In order to prepare for a terrorist event, the prioritization process becomes essential. The BRP believes a “process is necessary for prioritizing all bridges and tunnels with respect to their vulnerability in terms of their criticality of the ability to deter, deny, detect, delay and defend against terrorist attacks.” The panel suggests the development of an assessment model to serve as a framework for evaluating alternatives for thwarting an attack.
Agencies already have prioritization methods in place. AASHTO’s version uses a set of critical asset factors to identify assets that are important to achieving an agency’s mission. It assesses the vulnerability of these critical assets to terrorist attack based on target attractiveness, accessibility and expected damage.
The Transportation Security Administration determines relative risk as a function of relative target attractiveness, relative likelihood and vulnerability.
According to the BRP, a large number of bridges and tunnels lends itself to a two-tier approach: prioritization and risk assessment. Prioritization is usually done in two steps. The data-driven approach ranks bridges by using common criteria based off data supplied by the National Bridge Inventory. The second step of prioritization calls on owners and operators familiar with specific characteristics of the facilities and the services they provide to come up with additional data.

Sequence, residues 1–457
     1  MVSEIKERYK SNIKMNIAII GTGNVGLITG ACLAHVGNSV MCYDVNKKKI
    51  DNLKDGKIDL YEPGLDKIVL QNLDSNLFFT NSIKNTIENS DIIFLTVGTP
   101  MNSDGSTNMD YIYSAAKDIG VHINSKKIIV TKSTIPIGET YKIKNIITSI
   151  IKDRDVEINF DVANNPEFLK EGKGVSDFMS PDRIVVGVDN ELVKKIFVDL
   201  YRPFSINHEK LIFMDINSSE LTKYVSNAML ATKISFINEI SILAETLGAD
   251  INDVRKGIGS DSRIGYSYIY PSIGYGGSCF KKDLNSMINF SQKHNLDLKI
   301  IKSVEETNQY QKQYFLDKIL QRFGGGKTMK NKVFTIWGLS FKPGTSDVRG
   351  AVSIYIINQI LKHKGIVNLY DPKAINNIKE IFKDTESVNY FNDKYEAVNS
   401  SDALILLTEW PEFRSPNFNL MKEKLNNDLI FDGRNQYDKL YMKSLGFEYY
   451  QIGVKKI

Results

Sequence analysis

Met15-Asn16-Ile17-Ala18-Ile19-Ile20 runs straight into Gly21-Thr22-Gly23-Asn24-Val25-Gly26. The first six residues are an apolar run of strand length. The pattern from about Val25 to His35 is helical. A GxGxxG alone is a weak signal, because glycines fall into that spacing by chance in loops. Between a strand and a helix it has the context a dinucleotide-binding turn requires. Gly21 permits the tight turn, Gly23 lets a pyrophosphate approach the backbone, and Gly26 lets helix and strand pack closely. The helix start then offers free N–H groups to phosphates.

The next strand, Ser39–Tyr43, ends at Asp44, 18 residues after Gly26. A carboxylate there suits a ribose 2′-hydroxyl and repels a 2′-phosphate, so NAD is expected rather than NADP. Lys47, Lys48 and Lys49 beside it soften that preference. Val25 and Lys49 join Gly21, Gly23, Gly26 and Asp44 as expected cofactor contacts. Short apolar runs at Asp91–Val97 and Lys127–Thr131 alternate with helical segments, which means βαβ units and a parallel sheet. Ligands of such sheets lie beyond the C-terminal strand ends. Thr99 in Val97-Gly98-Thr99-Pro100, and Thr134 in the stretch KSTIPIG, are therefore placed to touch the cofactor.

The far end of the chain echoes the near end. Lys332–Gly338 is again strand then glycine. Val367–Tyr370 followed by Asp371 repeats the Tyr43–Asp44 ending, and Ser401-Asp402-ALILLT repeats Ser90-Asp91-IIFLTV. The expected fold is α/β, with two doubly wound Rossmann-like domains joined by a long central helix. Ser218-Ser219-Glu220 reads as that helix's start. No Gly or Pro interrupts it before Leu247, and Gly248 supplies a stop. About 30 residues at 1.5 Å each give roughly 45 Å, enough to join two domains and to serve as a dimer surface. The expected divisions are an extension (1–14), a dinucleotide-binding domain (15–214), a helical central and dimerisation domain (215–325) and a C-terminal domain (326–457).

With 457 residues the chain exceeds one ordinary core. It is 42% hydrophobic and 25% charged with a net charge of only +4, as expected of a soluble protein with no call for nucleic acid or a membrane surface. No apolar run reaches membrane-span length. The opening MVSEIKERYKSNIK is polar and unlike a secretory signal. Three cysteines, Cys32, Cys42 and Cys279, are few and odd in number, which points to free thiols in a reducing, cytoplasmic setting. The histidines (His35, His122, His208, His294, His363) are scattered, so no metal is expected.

This first-tier ranking is based on the following:
The second tier, risk assessment of high priority bridges, is based on the first tier to determine vulnerabilities and evaluate countermeasures to discourage an attack and mitigate damages. According to the BRP, the risk (R) is determined following an approach similar to the one used for seismic retrofit (R=OxVxI).
The occurrence factor is hazard oriented and will change with the nature of the hazard. It approximates the likelihood that terrorists will attack the asset and includes target attractiveness, level of security, access to the site, publicity if attacked and the number of prior threats. Input into the factor typically comes from the law enforcement and intelligence communities.
Vulnerability is an indication of how much the facility or population would be damaged or destroyed based on the structural response to a particular hazard. It serves as a measure of expected damage, outcome of the event, expected casualties and loss of use. Input usually comes from engineering analysis and expertise.
Importance is a characteristic of the facility. It is an indication of consequences to the region or nation in the event the bridge or tunnel is damaged or destroyed. Input into this factor usually comes from owners, operators and users.